When a particular lac mutant of Escherichia coli starves in the presence of lactose, nongrowing cells appear to direct mutations preferentially to sites that allow growth (adaptive mutation). This observation suggested that growth limitation stimulates mutability. Evidence is provided here that this behavior is actually caused by a standard Darwinian process in which natural selection acts in three sequential steps. First, growth limitation favors growth of a subpopulation with an amplification of the mutant lac gene; next, it favors cells with a lac+ revertant allele within the amplified array. Finally, it favors loss of mutant copies until a stable haploid lac+ revertant arises and overgrows the colony. By increasing the lac copy number, selection enhances the likelihood of reversion within each developing clone. This sequence of events appears to direct mutations to useful sites. General mutagenesis is a side-effect of growth with an amplification (SOS induction). The F′ plasmid, which carries lac, contributes by stimulating gene duplication and amplification. Selective stress has no direct effect on mutation rate or target specificity, but acts to favor a succession of cell types with progressively improved growth on lactose. The sequence of events - amplification, mutation, segregation - may help to explain both the origins of some cancers and the evolution of new genes under selection.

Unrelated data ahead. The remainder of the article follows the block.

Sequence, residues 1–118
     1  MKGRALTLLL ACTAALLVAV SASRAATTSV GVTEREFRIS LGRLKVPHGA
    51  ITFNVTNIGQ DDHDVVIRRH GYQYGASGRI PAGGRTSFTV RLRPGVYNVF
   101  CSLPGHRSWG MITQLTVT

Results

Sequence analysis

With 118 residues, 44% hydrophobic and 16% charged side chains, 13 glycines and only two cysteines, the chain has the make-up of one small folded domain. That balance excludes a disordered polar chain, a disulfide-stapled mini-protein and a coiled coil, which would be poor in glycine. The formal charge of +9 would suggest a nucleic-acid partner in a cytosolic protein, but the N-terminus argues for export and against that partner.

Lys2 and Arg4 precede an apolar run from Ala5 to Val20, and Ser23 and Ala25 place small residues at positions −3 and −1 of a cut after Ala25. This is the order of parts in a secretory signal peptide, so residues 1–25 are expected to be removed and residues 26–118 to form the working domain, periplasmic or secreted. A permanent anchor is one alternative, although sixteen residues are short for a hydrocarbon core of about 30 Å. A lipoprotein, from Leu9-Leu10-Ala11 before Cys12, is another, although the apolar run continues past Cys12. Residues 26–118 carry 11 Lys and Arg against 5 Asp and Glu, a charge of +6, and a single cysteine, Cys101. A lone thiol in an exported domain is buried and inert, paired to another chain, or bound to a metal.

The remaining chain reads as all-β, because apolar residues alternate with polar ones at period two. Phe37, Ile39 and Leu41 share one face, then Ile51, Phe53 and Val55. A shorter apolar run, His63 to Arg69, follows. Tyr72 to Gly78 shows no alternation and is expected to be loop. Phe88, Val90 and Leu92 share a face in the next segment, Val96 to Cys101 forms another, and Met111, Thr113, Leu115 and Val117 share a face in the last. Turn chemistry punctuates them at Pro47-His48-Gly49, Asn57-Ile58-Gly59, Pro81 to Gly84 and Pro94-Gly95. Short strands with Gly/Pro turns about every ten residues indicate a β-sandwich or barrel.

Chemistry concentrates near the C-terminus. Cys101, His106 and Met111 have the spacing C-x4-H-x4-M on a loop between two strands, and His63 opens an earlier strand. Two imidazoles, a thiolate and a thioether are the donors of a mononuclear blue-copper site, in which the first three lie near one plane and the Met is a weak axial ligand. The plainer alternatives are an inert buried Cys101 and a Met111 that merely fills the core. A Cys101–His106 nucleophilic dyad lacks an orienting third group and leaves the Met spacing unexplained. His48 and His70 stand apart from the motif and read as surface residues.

|Original language||English (US)|
|Number of pages||6|
|Journal||Proceedings of the National Academy of Sciences of the United States of America|
|State||Published - Feb 19 2002|
ASJC Scopus subject areas